Black Belt Merging

Once you're comfortable with the Savepoint pattern, you might get tired of creating the savepoint branch, only to have to remember to delete it every time. If so, I have good news for you: you don't actually need to use a branch as a savepoint for merges.

Merge commits always wind up with a branch label pointing at them, and one of the branch's parent commits will be the commit that that branch label was just moved from.

It may take you a few tries to parse that sentence. The upshot is that the commit you started on—the one you would've marked with a savepoint branch—will always be reachable.

Here's the thing: Git doesn't care what you call your branches. Remember, branches are just a 40-byte file on disk that points to the commit's SHA-1 hash, which is what Git really uses for all of its work. The branch is just there for us puny humans to have some convenient, memorable name pointing to part of the graph.

At the end of the Savepoint pattern, the command you type to reset your branch to the savepoint is git reset --hard savepoint (where "savepoint" is a branch name). If you look at the documentation that comes up when you type git reset -h, you'll see that the final argument it takes is called <commit>. Older versions of the documentation called this <commit-ish>, which was a convenient reminder that you could use anything that Git can turn into a SHA-1 hash.

Things Git is happy to accept in a <commit> argument include (but are probably not limited to):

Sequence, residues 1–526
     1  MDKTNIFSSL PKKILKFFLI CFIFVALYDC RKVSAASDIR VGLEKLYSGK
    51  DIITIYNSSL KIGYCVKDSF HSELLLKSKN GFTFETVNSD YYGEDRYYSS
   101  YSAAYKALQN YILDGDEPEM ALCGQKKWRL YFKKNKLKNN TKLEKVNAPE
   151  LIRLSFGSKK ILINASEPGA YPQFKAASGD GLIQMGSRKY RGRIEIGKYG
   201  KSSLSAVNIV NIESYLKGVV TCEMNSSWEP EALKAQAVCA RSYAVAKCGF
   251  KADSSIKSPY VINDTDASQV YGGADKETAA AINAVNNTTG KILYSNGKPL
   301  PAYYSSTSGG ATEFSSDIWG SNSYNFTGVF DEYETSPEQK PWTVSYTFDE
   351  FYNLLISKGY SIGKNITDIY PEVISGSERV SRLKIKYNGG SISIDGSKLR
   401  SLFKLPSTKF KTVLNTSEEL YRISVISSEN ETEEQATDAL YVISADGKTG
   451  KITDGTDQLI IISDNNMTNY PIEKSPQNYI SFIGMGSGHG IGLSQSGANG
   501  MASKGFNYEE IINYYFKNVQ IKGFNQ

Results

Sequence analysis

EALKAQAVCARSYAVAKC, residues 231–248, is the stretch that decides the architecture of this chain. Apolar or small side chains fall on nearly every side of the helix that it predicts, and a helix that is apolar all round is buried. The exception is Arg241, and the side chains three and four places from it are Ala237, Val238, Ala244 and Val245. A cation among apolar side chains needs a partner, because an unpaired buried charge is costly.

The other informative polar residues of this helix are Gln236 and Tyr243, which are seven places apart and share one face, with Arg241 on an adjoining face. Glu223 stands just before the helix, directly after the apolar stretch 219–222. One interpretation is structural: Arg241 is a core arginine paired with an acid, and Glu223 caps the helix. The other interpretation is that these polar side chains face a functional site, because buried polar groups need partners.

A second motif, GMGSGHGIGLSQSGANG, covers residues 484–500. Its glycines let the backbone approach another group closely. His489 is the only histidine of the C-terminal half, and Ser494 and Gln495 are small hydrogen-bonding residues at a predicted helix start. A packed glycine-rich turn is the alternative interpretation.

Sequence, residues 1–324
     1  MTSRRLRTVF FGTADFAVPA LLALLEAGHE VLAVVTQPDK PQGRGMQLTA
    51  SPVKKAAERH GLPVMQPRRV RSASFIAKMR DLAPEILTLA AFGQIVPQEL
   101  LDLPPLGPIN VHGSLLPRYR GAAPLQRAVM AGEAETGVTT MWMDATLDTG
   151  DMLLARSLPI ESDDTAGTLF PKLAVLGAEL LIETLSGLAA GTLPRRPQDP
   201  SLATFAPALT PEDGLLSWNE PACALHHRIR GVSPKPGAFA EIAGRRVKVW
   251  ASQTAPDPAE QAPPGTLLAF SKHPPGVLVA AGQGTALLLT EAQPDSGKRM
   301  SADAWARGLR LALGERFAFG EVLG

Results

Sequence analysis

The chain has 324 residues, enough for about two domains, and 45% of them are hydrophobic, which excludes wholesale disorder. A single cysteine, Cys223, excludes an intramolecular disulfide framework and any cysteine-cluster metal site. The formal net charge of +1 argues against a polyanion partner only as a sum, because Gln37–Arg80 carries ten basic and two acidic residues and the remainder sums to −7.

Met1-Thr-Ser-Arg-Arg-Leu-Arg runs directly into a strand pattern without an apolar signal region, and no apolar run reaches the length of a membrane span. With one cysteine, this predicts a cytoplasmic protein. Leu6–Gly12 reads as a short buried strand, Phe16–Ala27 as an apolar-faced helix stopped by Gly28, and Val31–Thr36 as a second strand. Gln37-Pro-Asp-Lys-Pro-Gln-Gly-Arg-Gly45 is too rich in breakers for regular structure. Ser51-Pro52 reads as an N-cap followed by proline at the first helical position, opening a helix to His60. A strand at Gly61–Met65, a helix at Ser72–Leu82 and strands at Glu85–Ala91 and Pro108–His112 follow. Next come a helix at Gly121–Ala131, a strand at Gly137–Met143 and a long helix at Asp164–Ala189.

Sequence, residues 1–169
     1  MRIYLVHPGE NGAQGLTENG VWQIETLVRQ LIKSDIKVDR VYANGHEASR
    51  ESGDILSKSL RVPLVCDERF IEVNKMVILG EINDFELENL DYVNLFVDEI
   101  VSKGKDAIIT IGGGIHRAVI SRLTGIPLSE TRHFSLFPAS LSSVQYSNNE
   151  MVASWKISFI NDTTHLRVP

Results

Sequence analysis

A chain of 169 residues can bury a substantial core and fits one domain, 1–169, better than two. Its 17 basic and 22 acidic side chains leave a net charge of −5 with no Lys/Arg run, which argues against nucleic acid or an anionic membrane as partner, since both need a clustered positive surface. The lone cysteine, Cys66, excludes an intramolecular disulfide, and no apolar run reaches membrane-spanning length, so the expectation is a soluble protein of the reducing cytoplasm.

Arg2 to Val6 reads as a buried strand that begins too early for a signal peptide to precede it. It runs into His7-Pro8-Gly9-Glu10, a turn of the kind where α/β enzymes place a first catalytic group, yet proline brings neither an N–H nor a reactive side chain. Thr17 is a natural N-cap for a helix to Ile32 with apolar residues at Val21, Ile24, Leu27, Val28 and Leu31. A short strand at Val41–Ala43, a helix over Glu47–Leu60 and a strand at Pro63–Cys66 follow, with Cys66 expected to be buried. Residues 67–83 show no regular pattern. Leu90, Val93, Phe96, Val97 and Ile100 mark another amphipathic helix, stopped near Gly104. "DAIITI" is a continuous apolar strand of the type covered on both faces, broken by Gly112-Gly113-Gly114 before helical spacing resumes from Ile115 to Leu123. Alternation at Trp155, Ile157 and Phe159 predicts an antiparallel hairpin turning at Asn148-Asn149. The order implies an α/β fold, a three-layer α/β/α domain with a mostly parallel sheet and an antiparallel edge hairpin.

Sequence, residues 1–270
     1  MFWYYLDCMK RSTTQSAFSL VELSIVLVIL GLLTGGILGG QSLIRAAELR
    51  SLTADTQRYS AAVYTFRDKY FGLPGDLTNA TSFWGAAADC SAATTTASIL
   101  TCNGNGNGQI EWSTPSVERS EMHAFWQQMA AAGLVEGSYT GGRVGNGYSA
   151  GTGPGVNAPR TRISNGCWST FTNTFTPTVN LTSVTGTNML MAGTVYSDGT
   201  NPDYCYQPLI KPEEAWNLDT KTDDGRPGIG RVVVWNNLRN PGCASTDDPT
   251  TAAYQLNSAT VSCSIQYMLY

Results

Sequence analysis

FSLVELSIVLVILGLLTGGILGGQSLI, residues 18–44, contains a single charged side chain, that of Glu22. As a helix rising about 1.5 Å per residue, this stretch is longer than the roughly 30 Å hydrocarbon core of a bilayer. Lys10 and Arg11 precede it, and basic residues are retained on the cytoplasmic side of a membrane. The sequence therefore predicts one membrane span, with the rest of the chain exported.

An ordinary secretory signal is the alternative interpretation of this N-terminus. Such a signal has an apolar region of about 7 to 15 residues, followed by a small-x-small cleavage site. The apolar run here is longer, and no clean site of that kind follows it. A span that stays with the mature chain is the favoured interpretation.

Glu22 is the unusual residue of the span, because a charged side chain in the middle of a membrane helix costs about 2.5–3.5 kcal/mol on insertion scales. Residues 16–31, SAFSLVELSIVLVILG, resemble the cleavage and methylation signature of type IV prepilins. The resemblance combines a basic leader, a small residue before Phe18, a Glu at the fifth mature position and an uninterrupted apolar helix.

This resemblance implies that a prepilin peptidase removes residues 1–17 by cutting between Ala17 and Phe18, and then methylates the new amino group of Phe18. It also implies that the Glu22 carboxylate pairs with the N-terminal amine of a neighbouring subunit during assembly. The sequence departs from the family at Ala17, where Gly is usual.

• Branch names
  • Tags
  • Relative references like HEAD^, HEAD^^, or HEAD~3
  • partial SHA-1 hashes like 8d434382 (you just have to provide enough initial digits to be unique; Git will fill in the rest for you)
  • SHA-1 hashes like 8d434382d9420940be260199a8a058cf468d9037 (these are very easy for Git to turn into SHA-1 hashes!)

So, at the end of the Savepoint pattern, if you wanted to back out of the merge, you could just as easily use git log or your visualizer to find the SHA-1 of the commit (let's say it starts with 1234abcd), and type this:

git reset --hard 1234abcd

...and Git would behave exactly the same as if you'd remembered to create a branch in the first place.

That bit about "if you'd remembered to" reminds me: one of the single most helpful bits of commentary I ever read about Git was Ryan Tomayko's The Thing About Git. (Yes, that's the same thing I linked to in LSD and Chainsaws.)